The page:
Terry Flanagan

The securities transaction tax is the Harold Stassen of the financial-regulation rulebook: it’s always hanging around the periphery somewhere, but nobody takes it seriously.

Harold Stassen (1907-2001) (Wikimedia Commons)

Last week, Senator Kirsten Gillibrand of New York, who some consider a rising star in the Democratic Party, stated she supports taxing securities trades. The idea is to slap a 0.03% levy on each purchase and sale, which computes to a $3 snip off every $10,000 transaction. Stocks, bonds, and derivatives would all be involved, probably.

STT backers say such a tax would rein in those wild and woolly high-frequency traders who nefariously skim mom and pop’s retirement account, and whose rogue algos should bring down the entire financial system any day now.

I believe there are underhanded, predatory market participants out there who the STT would indeed pinch. But these folks are few and far between, their market impact is overstated, and the rulebook (greatly expanded this decade) does a reasonably good job of smoking them out.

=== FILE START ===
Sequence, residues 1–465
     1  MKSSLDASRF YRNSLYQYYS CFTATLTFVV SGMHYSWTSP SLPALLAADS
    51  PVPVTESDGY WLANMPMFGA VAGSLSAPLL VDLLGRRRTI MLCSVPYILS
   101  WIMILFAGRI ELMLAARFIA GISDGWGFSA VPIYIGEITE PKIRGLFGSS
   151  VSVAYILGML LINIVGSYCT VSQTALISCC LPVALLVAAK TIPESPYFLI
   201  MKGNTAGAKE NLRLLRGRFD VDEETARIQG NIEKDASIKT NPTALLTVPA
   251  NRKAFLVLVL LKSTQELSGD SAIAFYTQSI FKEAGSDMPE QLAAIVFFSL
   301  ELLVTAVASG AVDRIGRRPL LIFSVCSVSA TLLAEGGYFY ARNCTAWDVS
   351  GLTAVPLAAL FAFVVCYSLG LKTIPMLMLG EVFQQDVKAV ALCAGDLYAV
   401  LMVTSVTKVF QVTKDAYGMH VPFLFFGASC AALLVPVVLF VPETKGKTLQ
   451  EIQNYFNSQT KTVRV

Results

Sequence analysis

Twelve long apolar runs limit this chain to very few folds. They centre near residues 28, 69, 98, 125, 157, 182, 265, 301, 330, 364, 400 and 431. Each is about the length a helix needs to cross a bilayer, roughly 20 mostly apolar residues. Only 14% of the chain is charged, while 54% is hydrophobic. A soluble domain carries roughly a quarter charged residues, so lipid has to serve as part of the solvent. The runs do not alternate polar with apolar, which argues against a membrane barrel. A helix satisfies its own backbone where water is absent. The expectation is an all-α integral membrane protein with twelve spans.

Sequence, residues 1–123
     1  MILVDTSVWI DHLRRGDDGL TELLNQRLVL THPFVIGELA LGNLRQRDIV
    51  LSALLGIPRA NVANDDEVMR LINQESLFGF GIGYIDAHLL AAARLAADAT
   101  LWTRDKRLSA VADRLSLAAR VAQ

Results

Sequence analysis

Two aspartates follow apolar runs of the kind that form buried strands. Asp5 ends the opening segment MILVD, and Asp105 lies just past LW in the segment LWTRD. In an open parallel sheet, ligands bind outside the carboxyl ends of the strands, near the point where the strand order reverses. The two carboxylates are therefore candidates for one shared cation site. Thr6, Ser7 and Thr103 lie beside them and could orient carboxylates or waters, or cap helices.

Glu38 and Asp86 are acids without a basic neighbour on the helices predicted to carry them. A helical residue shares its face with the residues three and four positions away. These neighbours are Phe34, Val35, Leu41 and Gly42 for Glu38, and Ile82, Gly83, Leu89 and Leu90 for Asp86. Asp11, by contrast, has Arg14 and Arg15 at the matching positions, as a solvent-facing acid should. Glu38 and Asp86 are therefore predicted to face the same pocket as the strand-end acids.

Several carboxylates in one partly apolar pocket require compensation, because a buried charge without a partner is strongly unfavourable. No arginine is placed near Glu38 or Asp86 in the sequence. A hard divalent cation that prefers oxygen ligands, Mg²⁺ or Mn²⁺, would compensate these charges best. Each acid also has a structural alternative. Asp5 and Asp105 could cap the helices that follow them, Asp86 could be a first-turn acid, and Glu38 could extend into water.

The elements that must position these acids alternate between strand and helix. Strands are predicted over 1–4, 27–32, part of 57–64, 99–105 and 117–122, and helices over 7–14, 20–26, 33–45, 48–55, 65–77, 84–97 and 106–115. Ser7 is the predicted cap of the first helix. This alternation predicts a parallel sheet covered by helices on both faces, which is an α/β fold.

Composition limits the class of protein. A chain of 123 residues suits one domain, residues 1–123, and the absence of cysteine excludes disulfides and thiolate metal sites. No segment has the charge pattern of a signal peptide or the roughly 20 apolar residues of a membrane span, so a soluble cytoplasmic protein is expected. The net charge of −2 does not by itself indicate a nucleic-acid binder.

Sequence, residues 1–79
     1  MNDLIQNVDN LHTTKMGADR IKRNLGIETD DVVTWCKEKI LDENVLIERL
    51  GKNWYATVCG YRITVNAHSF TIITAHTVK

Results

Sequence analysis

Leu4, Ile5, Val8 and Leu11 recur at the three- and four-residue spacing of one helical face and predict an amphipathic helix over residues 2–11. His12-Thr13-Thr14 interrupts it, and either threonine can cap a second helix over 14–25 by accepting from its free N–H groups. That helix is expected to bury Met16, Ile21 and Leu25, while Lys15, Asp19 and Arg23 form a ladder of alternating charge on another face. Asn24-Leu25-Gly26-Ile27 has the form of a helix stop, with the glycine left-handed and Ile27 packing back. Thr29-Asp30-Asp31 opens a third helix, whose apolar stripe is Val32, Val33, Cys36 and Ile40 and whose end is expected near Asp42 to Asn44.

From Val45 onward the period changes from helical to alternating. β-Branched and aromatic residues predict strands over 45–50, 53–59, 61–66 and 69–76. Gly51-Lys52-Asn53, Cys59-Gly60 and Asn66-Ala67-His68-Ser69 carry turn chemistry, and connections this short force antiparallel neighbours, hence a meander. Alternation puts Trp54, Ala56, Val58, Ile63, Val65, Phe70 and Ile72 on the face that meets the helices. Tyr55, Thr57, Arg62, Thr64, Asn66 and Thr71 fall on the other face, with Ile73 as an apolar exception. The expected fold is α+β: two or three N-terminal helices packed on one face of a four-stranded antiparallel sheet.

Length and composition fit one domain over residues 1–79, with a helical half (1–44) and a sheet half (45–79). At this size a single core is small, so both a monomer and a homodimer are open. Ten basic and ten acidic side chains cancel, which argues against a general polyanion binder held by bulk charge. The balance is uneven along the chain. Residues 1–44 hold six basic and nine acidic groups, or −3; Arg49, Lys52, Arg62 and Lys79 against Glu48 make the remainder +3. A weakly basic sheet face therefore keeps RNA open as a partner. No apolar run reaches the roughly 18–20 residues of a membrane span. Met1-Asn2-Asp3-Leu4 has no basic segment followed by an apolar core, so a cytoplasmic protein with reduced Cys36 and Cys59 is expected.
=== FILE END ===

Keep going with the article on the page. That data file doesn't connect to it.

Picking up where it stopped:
The STT would also hurt the very mom-and-pop investors it’s meant to help, in the form of higher management fees on their retirement portfolios. And more directly, it would crimp the many in financial services who do honest work as intermediaries for financial transactions. Profit-seeking, but honest.

This would by extension hurt the exchanges and technology providers that provide products and services for the intermediaries.

But that’s the theoretical case against. The practical and realistic case against this moving forward is twofold: (1) the Republicans are the majority right now, and (2) the market has generally been doing well and there have been no headline incidents, like the ‘flash crash’ or the Knight Capital debacle from years ago. I’d think a securities transaction tax is about #117 on the list of voter priorities.

So the chance of this getting any traction seems about the same as Harold Stassen’s chances when he sought the Republican nomination for President in 1984. Or in 1996. Or in 2000, which was was the 12th time the former Minnesota governor had tossed his hat in the ring for the Oval Office, dating back to the 1940s.

The STT seems similarly quixotic. I suspect the very bright Gillibrand must know the idea is pretty much a non-starter. Her motivation seems to be political in nature, i.e. burnishing her progressive credentials in advance of a future campaign.  

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